There are several schools of thought when pricing an e-book. One school says price it as low as possible and make up for small profits in volume. Thus a 99 cent e-book should sell more copies than a $9.99 e-book. The other school of thought says price your e-book as high as possible because you’ll make fewer sales, but more profit per sale. As always, there’s more than simplistic guidelines to worry about.
Amazon once fixed maximum e-book prices at $9.99 until publishers rebelled. Then publishers won the right to set e-book prices anywhere they want and what did they discover? That higher prices meant lower sales.
If you keep raising prices, you’ll keep reducing sales. The trick is that if you price an e-book too low, you’ll actually lose sales because a low price implies lesser value. Thus you can deprive yourself of profit by pricing your e-book too low.
For example, suppose you sold an e-book at 99 cents and sold 10 of them. That would mean roughly $10 with the author taking a traditional 70% cut, which means selling 10 e-books at 99 cents earns you roughly $7. Now if you priced that same e-book at $9.99 and sold one copy, you’d make that same amount of profit. The real trick isn’t just arbitrarily choosing a low or high price, but in finding the specific price that maximizes your e-book sales.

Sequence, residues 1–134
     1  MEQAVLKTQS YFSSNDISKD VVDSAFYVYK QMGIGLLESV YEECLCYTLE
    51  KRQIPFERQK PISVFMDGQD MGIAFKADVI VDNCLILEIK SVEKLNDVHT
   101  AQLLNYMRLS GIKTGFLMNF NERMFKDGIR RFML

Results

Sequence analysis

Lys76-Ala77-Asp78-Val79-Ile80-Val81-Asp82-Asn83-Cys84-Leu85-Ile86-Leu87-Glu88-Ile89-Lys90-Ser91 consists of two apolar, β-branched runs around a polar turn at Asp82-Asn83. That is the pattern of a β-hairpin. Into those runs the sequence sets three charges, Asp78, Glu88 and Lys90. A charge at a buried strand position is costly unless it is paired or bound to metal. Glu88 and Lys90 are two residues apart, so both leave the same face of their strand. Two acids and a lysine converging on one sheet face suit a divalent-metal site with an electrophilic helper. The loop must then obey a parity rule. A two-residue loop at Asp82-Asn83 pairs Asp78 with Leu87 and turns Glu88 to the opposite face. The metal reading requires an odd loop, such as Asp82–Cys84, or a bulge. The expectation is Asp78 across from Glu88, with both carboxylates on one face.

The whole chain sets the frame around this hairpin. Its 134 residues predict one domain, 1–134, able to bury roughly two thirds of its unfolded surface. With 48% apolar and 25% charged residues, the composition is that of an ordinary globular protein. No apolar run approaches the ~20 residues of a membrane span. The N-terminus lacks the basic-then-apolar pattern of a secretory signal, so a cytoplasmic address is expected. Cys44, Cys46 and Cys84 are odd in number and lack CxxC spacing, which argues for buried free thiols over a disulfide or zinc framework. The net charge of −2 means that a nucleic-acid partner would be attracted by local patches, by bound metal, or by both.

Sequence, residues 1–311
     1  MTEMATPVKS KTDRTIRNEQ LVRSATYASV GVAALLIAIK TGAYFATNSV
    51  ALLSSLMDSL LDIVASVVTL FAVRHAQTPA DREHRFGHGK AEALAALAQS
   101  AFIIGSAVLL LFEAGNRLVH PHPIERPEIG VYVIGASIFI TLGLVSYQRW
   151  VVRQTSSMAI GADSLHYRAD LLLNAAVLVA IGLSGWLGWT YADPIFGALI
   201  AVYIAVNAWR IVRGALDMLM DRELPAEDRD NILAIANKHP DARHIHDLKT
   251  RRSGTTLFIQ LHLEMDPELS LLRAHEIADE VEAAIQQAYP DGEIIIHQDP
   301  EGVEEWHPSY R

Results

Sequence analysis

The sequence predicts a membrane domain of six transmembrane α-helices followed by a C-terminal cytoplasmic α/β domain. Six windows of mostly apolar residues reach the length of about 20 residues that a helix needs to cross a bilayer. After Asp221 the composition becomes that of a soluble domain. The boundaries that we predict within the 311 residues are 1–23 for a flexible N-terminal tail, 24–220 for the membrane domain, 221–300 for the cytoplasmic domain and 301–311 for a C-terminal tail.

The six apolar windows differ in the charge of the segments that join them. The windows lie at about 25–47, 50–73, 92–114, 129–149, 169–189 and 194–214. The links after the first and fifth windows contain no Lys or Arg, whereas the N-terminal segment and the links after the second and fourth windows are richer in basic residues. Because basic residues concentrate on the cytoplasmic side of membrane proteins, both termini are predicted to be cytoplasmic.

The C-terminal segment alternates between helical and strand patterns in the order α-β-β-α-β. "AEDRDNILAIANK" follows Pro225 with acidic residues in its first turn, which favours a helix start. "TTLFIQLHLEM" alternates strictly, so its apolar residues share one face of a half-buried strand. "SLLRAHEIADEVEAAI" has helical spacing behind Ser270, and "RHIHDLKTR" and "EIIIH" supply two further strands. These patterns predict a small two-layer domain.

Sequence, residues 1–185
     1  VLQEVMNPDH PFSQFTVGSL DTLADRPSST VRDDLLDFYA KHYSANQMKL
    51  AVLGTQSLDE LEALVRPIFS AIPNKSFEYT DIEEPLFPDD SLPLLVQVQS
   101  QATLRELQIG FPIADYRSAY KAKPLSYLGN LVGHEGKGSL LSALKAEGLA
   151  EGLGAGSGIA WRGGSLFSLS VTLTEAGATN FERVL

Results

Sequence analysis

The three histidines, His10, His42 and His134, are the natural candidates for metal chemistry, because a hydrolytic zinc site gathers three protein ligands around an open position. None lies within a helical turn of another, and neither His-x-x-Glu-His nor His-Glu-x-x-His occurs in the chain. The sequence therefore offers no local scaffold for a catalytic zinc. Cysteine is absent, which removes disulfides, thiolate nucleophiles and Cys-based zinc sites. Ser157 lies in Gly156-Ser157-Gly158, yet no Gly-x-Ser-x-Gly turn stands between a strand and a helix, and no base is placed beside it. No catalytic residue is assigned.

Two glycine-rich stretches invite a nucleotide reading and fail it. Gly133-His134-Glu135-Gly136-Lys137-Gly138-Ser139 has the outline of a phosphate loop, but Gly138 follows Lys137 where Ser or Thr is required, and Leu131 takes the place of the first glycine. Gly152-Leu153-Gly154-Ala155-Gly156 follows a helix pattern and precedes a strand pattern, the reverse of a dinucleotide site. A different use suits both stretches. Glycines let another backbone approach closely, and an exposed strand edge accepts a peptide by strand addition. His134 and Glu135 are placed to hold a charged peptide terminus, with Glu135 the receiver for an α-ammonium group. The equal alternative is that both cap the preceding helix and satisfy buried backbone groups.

Unfortunately, every e-book is different. Fiction e-books tend to be throwaway purchases, so a low price is better since you want impulse buys. Nobody’s going to buy a $9.99 novel from an unknown author so a lower price reduces the barrier to a sale.
On the other hand, non-fiction e-books tend to be more important. If someone wants that information, they’re willing to pay for it up to a certain amount. If you price a non-fiction e-book too low, people think it can’t be that good. If you wanted to learn how to reduce your chance of a heart attack, would you trust a 99 e-book or a more expensive one? It doesn’t matter if the information is identical. A higher price (up to a certain point) creates an aura of value.
So the general rule is to price fiction low and price non-fiction higher. You may need to experiment to find the right price for your particular e-book but don’t think there’s a magic price that works for all e-books because there isn’t.
Price e-books too low and you may miss out on profits. Price e-books too high and you’ll also miss out on profits through reduced sales. The real answer is to experiment with different prices until you find the price that maximizes sales and profits. It’s not a fast processor but it’s the eventual answer.